Luis Meléndez- Still Life and Little Luxuries
Today, in my ongoing effort to keep myself culturally aware, I visited the Los Angeles County Museum of Art to see the Luis Meléndez Still Life exhibit. I dressed for the occasion (taupe peasant skirt, striped shirt, ballet flats, wayfarers and messenger bag- perfect for for the museum) and journeyed to LACMA by myself for an afternoon of indulgence in art.
My art history knowledge is pretty abundant when it comes to French artists (thanks to my stay in Paris), as well as for religious art (thanks to Art History 101 at USC... Virgin and Child with Saints, anyone??) so I knew little about the Spanish painter Luis Meléndez (pictured above in his self portrait) going into today's excursion. I am so glad I went- they didn't call Mr. Meléndez the 'master of Spanish still life' for nothing.
His art was so vivid, so impeccably realistic I almost felt like I was looking at photographs. Meléndez painted everything from fish to figs, melons to grapes and the bread... let's just say I was longing for some tapas after the museum...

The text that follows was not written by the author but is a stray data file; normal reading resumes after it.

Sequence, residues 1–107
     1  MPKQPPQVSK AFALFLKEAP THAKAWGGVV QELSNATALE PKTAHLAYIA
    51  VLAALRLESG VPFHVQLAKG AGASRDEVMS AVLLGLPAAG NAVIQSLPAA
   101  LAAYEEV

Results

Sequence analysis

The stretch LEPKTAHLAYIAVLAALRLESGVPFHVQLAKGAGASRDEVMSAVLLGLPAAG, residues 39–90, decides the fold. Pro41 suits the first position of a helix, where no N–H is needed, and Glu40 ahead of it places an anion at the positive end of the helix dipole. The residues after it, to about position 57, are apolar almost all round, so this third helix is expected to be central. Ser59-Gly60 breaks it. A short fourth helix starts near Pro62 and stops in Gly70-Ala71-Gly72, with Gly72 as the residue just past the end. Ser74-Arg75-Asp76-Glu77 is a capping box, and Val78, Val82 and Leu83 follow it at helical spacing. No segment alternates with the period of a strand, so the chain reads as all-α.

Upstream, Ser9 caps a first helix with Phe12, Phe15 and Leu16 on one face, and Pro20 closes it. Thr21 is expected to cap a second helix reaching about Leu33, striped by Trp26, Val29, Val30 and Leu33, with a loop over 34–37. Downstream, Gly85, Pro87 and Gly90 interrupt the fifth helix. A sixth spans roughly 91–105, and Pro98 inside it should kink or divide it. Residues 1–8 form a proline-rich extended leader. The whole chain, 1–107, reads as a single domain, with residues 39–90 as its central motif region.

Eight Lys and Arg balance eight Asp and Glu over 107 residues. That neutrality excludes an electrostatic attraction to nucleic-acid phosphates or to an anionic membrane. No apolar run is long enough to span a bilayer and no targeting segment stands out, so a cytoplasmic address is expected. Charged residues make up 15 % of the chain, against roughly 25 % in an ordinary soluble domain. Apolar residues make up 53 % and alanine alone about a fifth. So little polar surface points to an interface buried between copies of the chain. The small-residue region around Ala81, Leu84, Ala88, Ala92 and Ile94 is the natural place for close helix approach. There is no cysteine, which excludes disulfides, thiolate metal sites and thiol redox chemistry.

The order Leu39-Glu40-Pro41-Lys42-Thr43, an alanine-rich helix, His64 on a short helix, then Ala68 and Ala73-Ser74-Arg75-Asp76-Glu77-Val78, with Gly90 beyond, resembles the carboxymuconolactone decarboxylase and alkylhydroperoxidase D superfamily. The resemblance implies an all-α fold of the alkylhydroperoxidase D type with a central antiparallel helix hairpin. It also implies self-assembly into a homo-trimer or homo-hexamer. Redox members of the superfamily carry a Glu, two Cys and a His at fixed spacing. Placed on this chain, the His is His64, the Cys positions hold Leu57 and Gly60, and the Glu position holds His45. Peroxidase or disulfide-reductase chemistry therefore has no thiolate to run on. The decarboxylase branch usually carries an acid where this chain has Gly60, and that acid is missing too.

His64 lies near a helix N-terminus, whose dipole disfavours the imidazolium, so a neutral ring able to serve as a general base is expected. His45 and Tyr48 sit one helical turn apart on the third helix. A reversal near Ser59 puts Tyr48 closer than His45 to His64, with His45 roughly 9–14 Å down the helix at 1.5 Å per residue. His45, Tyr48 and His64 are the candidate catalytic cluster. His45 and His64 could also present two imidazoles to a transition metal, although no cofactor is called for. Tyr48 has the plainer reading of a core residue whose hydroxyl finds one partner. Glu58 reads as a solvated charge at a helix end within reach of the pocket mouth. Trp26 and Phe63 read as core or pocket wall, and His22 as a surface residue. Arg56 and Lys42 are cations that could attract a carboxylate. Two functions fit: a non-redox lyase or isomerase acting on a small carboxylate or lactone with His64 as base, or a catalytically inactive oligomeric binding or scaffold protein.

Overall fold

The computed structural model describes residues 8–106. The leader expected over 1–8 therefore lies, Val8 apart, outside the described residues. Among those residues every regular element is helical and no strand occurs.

My favorite painting of his was the Still Life with Chocolate Service, Bread Roll and Biscuits (pictured above) painted in 1770. At the time, chocolate was a novelty from Central America and the Spanish upper class was obsessed with drinking it in the form of hot chocolate. I love the idea of chocolate as an exotic and coveted item- 1770's own version of a little luxury.
Sadly, like so many other artists, Luis Meléndez did not receive the acclaim he deserved in his lifetime and died a poor man in 1780. But his artistic genius is greatly appreciated today... and rightfully so.
The Luis Meléndez exhibit runs at LACMA through January 3, 2010.
www.lacma.org for more information